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Kate Chase and William Sprague: Politics and Gender in a Civil War Marriage Hardcover – December 1, 2003


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Product Details

  • Hardcover: 315 pages
  • Publisher: University of Nebraska Press (December 1, 2003)
  • Language: English
  • ISBN-10: 080322947X
  • ISBN-13: 978-0803229471
  • Product Dimensions: 9.5 x 6.2 x 1.2 inches
  • Shipping Weight: 1.4 pounds
  • Average Customer Review: 4.4 out of 5 stars  See all reviews (5 customer reviews)
  • Amazon Best Sellers Rank: #2,640,979 in Books (See Top 100 in Books)

Editorial Reviews

Review

“An intriguing biography of the marriage of Kate Chase, the ‘belle of Washington,’ and William Sprague, the Rhode Island governor and senator.”—Journal of Southern History
(Journal of Southern History )

From the Inside Flap

The marriage of Kate Chase to William Sprague inaugurated the most publicized union and divorce of the Civil War era. Katherine "Kate" Chase was the daughter of Salmon P. Chase, a leading antislavery politician and member of Abraham Lincoln’s cabinet. Motherless from an early age, she became her father’s official hostess during the Civil War and Reconstruction years as well as his unofficial campaign manager. At the opening of the Civil War, her husband, William Sprague, was a wealthy industrialist, the "boy governor" of Rhode Island, a dashing military figure, and an alcoholic.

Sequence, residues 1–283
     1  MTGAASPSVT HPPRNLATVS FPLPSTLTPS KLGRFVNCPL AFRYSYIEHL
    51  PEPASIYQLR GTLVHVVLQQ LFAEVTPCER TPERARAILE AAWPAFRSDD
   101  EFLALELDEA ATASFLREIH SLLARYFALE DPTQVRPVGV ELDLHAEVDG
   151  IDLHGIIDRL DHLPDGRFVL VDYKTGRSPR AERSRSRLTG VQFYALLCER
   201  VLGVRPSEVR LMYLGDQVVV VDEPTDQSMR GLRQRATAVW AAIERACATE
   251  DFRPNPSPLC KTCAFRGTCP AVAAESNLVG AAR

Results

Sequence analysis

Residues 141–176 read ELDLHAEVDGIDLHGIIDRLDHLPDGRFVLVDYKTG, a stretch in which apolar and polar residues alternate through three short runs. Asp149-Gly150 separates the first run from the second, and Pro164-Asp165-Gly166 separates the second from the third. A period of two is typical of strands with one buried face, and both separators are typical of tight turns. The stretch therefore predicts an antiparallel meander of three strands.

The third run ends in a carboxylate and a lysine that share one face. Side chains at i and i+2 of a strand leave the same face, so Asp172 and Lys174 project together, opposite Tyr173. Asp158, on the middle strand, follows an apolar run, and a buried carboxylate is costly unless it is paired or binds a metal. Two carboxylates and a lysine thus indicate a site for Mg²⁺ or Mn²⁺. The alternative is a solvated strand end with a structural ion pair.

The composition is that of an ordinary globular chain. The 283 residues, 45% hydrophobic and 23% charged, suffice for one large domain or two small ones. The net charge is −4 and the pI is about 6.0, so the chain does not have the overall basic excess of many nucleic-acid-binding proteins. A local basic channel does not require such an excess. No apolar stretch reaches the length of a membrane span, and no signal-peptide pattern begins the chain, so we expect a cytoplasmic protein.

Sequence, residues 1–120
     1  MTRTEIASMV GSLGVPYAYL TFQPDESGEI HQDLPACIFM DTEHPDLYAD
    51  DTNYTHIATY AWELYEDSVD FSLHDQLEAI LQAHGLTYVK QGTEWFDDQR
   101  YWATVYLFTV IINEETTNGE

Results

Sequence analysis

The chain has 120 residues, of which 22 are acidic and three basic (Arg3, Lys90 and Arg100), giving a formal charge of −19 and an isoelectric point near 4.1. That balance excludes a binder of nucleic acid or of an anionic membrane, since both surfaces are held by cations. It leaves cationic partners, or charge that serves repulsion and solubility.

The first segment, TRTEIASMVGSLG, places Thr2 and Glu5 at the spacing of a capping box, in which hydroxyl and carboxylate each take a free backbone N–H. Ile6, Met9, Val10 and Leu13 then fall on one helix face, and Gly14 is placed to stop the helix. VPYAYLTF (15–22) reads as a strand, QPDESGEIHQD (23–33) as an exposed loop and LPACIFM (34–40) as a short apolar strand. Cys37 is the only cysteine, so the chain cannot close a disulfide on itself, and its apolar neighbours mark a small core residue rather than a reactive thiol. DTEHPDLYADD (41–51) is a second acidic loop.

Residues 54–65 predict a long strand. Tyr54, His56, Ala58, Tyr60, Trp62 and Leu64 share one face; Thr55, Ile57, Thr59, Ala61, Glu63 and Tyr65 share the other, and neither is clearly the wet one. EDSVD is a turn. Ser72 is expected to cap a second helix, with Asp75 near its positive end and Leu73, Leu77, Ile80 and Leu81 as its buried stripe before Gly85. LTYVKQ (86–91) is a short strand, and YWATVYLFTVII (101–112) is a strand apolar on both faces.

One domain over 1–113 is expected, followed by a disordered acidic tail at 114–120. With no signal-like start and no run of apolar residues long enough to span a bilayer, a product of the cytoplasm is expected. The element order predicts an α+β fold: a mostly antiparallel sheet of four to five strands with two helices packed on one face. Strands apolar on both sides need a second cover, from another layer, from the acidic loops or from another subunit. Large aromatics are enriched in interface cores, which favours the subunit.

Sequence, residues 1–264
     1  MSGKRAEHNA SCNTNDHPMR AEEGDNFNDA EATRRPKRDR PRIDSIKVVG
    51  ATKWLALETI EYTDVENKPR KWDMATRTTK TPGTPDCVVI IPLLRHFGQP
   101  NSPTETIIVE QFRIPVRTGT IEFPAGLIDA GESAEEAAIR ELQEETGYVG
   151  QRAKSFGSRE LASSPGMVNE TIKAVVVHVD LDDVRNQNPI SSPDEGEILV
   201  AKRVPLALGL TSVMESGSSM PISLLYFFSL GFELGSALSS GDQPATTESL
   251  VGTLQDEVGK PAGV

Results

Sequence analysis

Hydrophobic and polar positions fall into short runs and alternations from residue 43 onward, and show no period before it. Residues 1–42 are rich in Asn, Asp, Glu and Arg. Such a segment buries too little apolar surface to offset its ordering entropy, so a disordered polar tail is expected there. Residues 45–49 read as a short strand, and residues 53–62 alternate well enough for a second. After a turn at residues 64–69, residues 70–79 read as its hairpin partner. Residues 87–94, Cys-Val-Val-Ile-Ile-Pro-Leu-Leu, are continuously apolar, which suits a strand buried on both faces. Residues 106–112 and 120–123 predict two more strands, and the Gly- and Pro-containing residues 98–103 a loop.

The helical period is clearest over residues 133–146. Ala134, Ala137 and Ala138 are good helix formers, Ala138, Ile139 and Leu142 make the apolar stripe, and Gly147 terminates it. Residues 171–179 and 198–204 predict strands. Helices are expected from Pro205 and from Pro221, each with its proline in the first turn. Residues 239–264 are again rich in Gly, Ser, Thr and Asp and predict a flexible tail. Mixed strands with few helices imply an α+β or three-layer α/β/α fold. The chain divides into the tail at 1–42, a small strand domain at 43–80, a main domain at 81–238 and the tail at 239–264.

After looking at the lives of Chase and Sprague before they met, Peg A. Lamphier analyzes their courtship, their marriage, Chase's role as her father’s campaign manager, Sprague’s marital infidelities, Chase’s affair with Roscoe Conkling, Sprague’s abusiveness, and Chase and Sprague’s divorce and the issues of child custody it evoked. Pushing the boundaries of power and gender, Chase showed her ability to play politics in both public and private forums and to regain her independence as a woman in an arena dominated by men. Kate Chase and William Sprague delves into the social history of a nineteenth-century marriage and provides important insight into the role of gender in the political history of the time.


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Customer Reviews

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Most Helpful Customer Reviews

30 of 32 people found the following review helpful By John Oller on November 2, 2003
Format: Hardcover Verified Purchase
Upon re-reading this book I have increased my rating. The prior review is reprinted in full in quotations below and while those comments remain, upon re-appraisal it's clear that Ms. Lamphier's insights and theories are usually insightful and at times brilliant, always thoroughly documented, and well-reasoned as well, even when one does not necessarily agree with all of the conclusions she draws. In many ways a tour de force. Recommended.